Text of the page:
In March 2020, The Vail Corporation and Vail Resorts, Inc. (collectively, “Vail”) closed its ski resorts and did not reopen them until the start of the 2020–2021 ski season. Plaintiffs-Appellants (“Passholders”) were a group of skiers and snowboarders who purchased season passes from Vail to access its resorts during the 2019–2020 ski season. Passholders, on behalf of themselves and a class of similarly situated individuals, brought contractual, quasi-contractual, and state consumer protection law claims based on Vail’s decision to close due to the COVID-19 pandemic without issuing refunds to Passholders. The district court granted Vail’s Federal Rule of Civil Procedure 12(b)(6) motion to dismiss all of Passholders’ claims for failure to state a claim. Passholders appealed, arguing the district court erred in its interpretation of their contracts with Vail. Although it did not agree with the district court’s interpretation of “2019–2020 ski season,” the Tenth Circuit concurred with the ultimate conclusion that Passholders failed to state a contractual claim. Passholders sought only one form of relief in their complaint, but they purchased passes under the condition that the passes were not eligible for refunds of any kind. Recognizing that Passholders might amend their breach of contract and breach of warranty claims to seek other forms of relief, the Tenth Circuit vacated the dismissal of these two claims with prejudice and remanded for the district court to modify its judgment to a dismissal without prejudice. As with Passholders’ breach of contract and breach of warranty claims, the Court concluded the district court correctly dismissed Passholders’ consumer protection claims. Recognizing Passholders could refile these claims to seek an alternative remedy, the Tenth Circuit vacated the district court’s dismissal of Passholders’ state consumer protection law claims with prejudice so the district court could modify its dismissal of these six claims to be without prejudice. View "McAuliffe, et al. v. Vail Corporation" on Justia Law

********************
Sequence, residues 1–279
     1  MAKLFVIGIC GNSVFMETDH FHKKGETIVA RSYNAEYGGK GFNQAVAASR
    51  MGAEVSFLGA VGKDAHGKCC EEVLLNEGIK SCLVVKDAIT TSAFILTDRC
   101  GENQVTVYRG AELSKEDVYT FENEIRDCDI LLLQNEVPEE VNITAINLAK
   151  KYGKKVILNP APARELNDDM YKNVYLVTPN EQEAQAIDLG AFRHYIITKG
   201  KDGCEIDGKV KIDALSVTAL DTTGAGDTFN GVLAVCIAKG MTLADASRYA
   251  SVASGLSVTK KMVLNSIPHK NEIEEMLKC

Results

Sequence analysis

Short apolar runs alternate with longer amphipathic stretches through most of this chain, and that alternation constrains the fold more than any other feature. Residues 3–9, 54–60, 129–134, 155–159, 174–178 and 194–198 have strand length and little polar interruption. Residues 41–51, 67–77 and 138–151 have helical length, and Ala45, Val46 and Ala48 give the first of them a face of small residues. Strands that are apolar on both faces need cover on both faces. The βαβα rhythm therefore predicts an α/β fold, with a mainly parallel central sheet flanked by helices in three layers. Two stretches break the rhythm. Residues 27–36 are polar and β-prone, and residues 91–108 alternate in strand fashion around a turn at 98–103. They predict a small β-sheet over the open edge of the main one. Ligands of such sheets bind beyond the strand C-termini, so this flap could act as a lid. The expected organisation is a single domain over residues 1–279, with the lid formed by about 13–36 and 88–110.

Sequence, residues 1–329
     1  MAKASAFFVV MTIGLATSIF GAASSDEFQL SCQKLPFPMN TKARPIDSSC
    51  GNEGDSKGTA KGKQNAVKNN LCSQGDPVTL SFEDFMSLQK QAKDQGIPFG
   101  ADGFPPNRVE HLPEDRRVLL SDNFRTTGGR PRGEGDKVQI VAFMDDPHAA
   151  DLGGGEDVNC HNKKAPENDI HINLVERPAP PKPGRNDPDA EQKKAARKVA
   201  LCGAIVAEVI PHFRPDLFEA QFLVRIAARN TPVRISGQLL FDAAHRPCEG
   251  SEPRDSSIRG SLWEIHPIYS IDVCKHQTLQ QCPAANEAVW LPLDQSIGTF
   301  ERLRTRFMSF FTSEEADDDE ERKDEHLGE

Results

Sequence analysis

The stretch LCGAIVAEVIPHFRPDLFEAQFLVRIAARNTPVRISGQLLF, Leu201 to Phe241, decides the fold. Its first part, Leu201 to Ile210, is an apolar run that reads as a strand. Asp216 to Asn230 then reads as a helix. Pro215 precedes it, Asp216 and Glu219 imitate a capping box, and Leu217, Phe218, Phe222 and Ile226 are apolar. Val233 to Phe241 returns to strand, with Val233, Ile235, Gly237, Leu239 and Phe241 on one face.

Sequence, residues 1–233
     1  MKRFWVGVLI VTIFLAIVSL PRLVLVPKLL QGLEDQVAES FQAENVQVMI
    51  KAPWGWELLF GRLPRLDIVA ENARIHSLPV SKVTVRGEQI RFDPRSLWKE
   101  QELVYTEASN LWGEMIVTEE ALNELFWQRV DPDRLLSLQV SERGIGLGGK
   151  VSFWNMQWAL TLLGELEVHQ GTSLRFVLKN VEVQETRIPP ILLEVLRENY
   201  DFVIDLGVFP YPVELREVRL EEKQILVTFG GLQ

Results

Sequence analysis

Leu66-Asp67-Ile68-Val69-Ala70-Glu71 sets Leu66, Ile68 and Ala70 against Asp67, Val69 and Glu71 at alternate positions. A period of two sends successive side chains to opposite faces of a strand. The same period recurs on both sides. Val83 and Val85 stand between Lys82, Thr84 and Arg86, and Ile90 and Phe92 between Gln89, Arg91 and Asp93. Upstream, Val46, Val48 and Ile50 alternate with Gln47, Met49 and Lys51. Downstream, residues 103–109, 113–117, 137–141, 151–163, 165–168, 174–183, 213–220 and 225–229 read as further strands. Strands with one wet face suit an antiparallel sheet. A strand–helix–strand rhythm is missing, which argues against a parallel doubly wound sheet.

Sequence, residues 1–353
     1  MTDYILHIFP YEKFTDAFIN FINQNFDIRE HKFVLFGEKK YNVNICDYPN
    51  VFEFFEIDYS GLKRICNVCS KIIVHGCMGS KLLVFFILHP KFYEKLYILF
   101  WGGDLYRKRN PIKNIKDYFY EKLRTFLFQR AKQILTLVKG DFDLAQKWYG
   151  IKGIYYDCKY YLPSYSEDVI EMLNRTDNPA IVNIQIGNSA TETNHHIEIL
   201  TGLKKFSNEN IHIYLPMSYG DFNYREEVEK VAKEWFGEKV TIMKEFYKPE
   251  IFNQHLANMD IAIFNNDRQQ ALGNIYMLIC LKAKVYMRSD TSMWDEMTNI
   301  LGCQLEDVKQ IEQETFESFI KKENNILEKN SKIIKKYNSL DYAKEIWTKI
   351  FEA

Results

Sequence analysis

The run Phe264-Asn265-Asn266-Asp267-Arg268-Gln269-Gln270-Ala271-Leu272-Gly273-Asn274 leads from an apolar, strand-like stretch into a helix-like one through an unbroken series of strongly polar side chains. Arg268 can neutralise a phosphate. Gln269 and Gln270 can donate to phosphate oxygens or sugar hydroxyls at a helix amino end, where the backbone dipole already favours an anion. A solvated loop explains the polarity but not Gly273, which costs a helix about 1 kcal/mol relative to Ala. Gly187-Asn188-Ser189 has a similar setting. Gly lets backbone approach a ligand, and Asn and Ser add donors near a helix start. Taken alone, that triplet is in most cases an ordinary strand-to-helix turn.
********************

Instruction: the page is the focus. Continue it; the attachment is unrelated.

Safeway Stores v. WY Plaza
This appeal grew out of overpayments that lessee, Safeway Stores 46, Inc., made to its lessor, WY Plaza, L.C. The lease allowed Safeway to deduct construction costs from the payments to WY Plaza. But Safeway neglected to make these deductions for twelve years before demanding repayment. WY Plaza rejected the demand based on Safeway’s delay. Safeway responded by paying under protest and suing for restitution and a declaratory judgment. Both parties sought summary judgment. In its own motion, WY Plaza denied the availability of restitution because the parties’ obligations had been set out in a written contract. The district court agreed with WY Plaza. But the court went further, deciding sua sponte that Safeway’s delay prevented recovery under the doctrine of laches. So the court granted summary judgment to WY Plaza and denied Safeway’s motion. The Tenth Circuit disagreed as to both trial court rulings. Despite the lack of any laches argument in its motion, the district court relied on laches to grant summary judgment to WY Plaza on the claim for declaratory relief. The Tenth Circuit concluded the district court erroneously failed to notify Safeway before granting summary judgment to WY Plaza based on laches. Furthermore, the Tenth Circuit found that in granting WY Plaza’s motion for summary judgment, the district court relied on arguments that WY Plaza hadn’t raised. The district court also erroneously granted summary judgment to WY Plaza on the restitution claim: "The unilateral nature of Safeway’s mistake doesn’t prevent restitution." The Tenth Circuit held Safeway was entitled to summary judgment because WY Plaza failed to create a triable fact-issue, and Safeway was entitled to summary judgment on its claims for a declaratory judgment and restitution. View "Safeway Stores v. WY Plaza" on Justia Law